Gaza's limb reconstruction team: Mohammed Aslan

Medical Aid for Palestinians (MAP) and our sister charity IDEALS responded to a preponderance of complex limb injuries by sending British surgical teams to Gaza during the 2014 conflict and in the two years since. They have provided operations for injured Palestinians and on-the-job training for Palestinian medics at Gaza’s largest hospital, Al Shifa.

This project saw major success this year with the establishment of a permanent Limb Reconstruction Unit at Al Shifa, staffed and run entirely by a dedicated team of Palestinian surgeons, nurses and technicians.

We met up with the team and talked to them about their work and life in Gaza.


 Name: Mohammed Aslan

Age: 31

Job: Nurse

Married, has two boys and one girl and a baby coming soon. Lives in the Maghazi refugee camp in Gaza, originally from Jaffa.

What did you want to be when you grew up?

“I worked as a car electrician when I was a child, and nursing was only my hobby not a profession yet. But I graduated with a bachelor degree in nursing.”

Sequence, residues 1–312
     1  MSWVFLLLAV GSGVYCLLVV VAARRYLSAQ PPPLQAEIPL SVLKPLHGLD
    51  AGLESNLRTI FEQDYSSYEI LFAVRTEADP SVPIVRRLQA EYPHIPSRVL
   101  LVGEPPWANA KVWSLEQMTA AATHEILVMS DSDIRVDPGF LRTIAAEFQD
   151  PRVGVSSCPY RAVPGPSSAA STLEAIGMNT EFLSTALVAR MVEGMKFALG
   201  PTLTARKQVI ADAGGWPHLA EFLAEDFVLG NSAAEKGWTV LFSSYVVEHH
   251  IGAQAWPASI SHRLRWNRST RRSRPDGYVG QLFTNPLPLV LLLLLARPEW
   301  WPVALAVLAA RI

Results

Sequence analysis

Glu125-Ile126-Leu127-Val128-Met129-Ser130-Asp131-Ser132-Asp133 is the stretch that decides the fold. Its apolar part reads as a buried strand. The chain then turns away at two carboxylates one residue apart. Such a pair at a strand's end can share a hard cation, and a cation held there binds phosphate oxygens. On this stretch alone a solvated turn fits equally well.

What ritual do you have each day starting your work?

“I work according to the system of shifts; I follow up with the patients before and after the operations, and each Tuesday we have a skype call meeting with two doctors from the IDEALS team.”

What are your hobbies?

“I read, play football and hang out with friends.”

What’s your biggest challenge?

“The lack of staff and a shortage of resources are our biggest challenge. We cannot apply everything that we learned, but we try our best by using the available resources. It is a big challenge trying to achieve proper results for patients with just minimal resources.”

During the 2014 conflict I worked three shifts a day. The orthopaedic department becomes very similar to the emergency department

What do you do before operations?

“My job is to prepare the patient before and after the operation. I also review every case after is is referred to us from the outpatient clinic.”

Who’s your hero?

“My hero is my father. On a professional level, the previous head of department in the European hospital.”

How is it like when there’s emergency?

“During the 2014 conflict I worked three shifts a day. The orthopaedic department becomes very similar to the emergency department. There are so many cases and the diagnosing is very primitive. Sometimes we would receive up to 50 patients without having enough space for them.”

What’s your beautiful memory?

“There was an amputation case and we feared for the worst for this patient. I was surprised when I saw him in a wheelchair, after a while he retained the ability to walk again.”

 

Featured image: Photo: Lara Aburamadan

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